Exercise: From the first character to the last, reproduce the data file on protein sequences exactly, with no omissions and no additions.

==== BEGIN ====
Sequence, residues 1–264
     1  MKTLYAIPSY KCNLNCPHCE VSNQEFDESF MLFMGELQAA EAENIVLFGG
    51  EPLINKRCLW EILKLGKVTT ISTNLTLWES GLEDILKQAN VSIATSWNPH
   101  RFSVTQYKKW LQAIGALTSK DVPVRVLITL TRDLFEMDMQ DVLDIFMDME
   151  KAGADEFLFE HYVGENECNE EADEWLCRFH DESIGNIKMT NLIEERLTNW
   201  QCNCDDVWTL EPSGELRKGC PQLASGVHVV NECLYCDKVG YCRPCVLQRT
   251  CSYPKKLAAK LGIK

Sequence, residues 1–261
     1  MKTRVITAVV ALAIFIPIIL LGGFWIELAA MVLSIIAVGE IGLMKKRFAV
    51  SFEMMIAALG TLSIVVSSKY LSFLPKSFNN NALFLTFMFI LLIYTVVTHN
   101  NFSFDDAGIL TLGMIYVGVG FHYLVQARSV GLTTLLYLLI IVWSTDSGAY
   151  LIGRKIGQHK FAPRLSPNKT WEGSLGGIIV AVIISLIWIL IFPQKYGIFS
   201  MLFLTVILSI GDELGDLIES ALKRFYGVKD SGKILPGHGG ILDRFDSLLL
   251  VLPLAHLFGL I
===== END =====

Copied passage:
Sequence, residues 1–264
     1  MKTLYAIPSY KCNLNCPHCE VSNQEFDESF MLFMGELQAA EAENIVLFGG
    51  EPLINKRCLW EILKLGKVTT ISTNLTLWES GLEDILKQAN VSIATSWNPH
   101  RFSVTQYKKW LQAIGALTSK DVPVRVLITL TRDLFEMDMQ DVLDIFMDME
   151  KAGADEFLFE HYVGENECNE EADEWLCRFH DESIGNIKMT NLIEERLTNW
   201  QCNCDDVWTL EPSGELRKGC PQLASGVHVV NECLYCDKVG YCRPCVLQRT
   251  CSYPKKLAAK LGIK

Sequence, residues 1–261
     1  MKTRVITAVV ALAIFIPIIL LGGFWIELAA MVLSIIAVGE IGLMKKRFAV
    51  SFEMMIAALG TLSIVVSSKY LSFLPKSFNN NALFLTFMFI LLIYTVVTHN
   101  NFSFDDAGIL TLGMIYVGVG FHYLVQARSV GLTTLLYLLI IVWSTDSGAY
   151  LIGRKIGQHK FAPRLSPNKT WEGSLGGIIV AVIISLIWIL IFPQKYGIFS
   201  MLFLTVILSI GDELGDLIES ALKRFYGVKD SGKILPGHGG ILDRFDSLLL
   251  VLPLAHLFGL I